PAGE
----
Fake News, Real Arrests

Rampant misinformation has led to dozens of arrests in India, but leaders aren’t doing much to address the root of the problem.

Police officers punish restriction-violators during the coronavirus pandemic in India
Police officers punish restriction-violators during a government-imposed nationwide lockdown as a preventive measure against the spread of the coronavirus in Amritsar, India, on April 16. NARINDER NANU/AFP via Getty Images

MUMBAI—Rumor travels faster than the coronavirus in India. False data has flown across social media, and fake remedies have abounded. Conspiracy theories about the virus’s origins, and about those responsible for its spread, have gained traction as they move across WhatsApp and Facebook. But rather than tackle the source of the problem, police have been carrying out rampant arrests—raising concerns over human rights and questions over the ability of local and national government to control misinformation.

In Mizoram, at least 15 people were arrested for sharing a fake circular telling locals outside the state to come home immediately. In Odisha, a man was arrested for posting to Facebook “fake news” about a supposedly infected person who arrived from out of state—information he said he received on WhatsApp. In Rajasthan, a health care worker was arrested for posting misleading data on the number of COVID-19 cases. Similar cases have appeared across the country. A recent tally by Agence France-Presse found that nearly 100 people had been arrested in India on charges related to spreading misinformation about the coronavirus. Though India does not have a “fake news” law, most cases have been registered under existing provisions such as the Indian Penal Code and the Epidemic Diseases Act of 1897. At least one state, Maharashtra, has passed orders specifically related to the coronavirus—mandating that any information on the virus must be approved by the government before dissemination.

The coronavirus crisis has hit the country hard, spreading rapidly and ravaging the economy. India now has over 13,800 confirmed cases with 452 deaths, though given the relatively low rate of testing, the real figure is likely to be far higher. On March 24, Prime Minister Narendra Modi announced a three-week lockdown as a means of slowing the pandemic. The order is among the strictest in the world, covering some 1.3 billion people who are not allowed to step foot outside their homes except to get food and medicine. On April 14, Modi extended the lockdown for another 19 days. With little focus on combating misinformation, erratic and unclear communication from the government allowing rumors to flourish, and rising strain on the population, the number of arrests might be expected to grow.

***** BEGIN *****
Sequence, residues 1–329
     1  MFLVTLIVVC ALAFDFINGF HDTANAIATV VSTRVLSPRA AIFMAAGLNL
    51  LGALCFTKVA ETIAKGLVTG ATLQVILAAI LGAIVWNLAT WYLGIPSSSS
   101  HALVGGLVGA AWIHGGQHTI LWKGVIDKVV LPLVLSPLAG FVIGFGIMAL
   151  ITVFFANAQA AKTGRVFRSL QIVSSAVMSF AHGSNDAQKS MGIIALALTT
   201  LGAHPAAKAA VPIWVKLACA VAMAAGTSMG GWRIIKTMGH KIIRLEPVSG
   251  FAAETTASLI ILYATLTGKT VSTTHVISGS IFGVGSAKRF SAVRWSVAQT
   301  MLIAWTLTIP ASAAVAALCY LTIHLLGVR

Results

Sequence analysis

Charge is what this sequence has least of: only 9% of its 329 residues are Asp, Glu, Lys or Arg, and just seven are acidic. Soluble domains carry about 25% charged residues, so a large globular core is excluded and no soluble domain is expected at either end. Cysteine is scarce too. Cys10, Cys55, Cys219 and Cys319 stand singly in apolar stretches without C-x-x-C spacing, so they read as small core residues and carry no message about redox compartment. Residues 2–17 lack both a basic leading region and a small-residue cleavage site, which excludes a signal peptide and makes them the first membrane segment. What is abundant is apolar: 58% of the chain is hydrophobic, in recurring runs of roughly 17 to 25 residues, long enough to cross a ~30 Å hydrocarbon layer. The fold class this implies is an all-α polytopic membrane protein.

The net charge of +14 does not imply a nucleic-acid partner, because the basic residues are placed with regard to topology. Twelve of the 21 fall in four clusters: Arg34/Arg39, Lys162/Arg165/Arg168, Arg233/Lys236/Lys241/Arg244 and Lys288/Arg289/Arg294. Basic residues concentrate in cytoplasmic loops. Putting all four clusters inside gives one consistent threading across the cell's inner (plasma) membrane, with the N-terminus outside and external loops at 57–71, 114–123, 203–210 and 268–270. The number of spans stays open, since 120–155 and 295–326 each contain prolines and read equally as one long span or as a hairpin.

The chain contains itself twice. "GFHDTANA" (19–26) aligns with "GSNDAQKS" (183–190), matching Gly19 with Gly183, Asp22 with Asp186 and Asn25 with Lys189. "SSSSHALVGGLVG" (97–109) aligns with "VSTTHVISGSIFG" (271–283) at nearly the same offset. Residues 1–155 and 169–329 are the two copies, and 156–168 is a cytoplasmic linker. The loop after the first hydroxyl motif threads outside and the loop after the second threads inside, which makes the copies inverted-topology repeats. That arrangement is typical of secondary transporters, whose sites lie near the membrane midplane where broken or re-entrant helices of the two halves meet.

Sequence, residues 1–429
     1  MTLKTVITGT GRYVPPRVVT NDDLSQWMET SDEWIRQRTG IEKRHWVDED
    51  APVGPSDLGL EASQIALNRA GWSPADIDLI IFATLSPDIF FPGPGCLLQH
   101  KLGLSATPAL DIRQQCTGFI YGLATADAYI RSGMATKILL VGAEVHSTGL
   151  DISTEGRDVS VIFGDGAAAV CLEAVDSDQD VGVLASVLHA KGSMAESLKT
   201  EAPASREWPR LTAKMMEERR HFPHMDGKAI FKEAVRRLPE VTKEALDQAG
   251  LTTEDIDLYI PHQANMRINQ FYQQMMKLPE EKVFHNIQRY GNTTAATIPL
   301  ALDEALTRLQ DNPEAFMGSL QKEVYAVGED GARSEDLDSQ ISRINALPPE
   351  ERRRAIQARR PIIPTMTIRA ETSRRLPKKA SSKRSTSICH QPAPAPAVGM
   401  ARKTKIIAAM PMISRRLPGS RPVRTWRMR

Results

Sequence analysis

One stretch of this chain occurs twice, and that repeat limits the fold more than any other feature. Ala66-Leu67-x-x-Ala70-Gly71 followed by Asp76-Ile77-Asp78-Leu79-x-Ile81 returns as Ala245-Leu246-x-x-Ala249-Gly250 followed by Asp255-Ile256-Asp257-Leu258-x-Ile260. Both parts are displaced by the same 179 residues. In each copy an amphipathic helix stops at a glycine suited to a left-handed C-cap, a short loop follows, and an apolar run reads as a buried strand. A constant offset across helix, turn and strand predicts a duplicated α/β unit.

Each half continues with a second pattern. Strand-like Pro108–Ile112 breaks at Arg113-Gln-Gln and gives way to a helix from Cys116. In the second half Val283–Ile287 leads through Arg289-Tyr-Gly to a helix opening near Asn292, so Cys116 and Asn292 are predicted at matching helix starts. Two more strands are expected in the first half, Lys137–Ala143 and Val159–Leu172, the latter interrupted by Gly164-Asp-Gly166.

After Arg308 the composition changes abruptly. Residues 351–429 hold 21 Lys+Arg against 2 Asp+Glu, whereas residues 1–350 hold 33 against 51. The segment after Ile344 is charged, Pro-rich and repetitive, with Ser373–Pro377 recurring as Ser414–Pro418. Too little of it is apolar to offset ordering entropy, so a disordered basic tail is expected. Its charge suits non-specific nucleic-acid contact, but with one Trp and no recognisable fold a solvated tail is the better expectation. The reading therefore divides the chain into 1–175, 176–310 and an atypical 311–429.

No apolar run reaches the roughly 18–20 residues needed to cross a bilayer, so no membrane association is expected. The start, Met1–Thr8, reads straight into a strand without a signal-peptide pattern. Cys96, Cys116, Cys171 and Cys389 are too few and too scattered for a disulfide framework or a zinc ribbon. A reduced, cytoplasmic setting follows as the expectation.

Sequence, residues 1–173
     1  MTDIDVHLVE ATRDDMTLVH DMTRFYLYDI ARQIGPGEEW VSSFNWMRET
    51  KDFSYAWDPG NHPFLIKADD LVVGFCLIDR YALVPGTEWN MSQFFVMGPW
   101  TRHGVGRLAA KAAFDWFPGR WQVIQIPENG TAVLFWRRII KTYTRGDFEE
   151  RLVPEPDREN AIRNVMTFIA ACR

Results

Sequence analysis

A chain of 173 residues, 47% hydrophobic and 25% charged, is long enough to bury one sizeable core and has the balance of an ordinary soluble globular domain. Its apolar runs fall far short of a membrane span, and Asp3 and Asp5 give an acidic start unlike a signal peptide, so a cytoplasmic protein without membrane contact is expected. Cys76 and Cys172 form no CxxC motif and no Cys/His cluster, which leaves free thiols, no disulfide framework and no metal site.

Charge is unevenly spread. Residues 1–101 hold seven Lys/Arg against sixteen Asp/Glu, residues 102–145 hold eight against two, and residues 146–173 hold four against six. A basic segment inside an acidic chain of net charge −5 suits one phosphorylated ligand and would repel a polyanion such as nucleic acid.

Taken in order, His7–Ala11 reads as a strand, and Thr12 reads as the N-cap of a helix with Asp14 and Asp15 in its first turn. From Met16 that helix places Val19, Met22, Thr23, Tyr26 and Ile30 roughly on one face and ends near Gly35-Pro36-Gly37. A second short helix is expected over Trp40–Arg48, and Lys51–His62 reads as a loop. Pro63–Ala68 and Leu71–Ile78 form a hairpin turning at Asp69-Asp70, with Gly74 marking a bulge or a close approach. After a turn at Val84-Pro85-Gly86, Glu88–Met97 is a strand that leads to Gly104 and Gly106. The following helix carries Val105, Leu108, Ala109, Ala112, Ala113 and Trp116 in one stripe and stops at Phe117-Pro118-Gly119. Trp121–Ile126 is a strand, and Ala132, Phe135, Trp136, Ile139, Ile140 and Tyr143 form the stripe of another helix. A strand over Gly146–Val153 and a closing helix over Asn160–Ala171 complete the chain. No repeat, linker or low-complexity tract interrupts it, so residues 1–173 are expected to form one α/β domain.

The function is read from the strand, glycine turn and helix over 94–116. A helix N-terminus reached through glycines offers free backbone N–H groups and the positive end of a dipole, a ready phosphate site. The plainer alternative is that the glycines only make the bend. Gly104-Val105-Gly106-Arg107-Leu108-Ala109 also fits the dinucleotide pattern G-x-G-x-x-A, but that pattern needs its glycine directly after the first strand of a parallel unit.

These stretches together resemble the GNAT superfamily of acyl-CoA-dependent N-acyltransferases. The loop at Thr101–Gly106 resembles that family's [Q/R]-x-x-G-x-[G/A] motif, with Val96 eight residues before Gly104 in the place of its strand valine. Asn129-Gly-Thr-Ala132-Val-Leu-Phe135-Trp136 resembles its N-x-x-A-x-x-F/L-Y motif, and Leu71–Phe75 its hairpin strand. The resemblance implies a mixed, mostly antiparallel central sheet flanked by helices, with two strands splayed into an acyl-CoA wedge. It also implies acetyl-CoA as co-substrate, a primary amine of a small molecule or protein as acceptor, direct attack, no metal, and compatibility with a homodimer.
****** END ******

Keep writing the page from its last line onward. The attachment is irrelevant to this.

“Extraordinary times absolutely call for extraordinary measures, but those measures should be positive investments in independent and credible information, not steps that will do little or nothing to stop misinformation while doing great collateral damage to fundamental rights,” said Rasmus Nielsen, the director of the Reuters Institute for the Study of Journalism at the University of Oxford, who has worked extensively on disinformation.

India has 451 million monthly active internet users, according to a 2019 report, and 400 million WhatsApp users, making it the company’s largest market. WhatsApp has been one of the key platforms for spreading disinformation in India—to such a degree that the company in 2018 limited how many times a message can be forwarded after a spate of mob killings driven by rumors spread on the platform.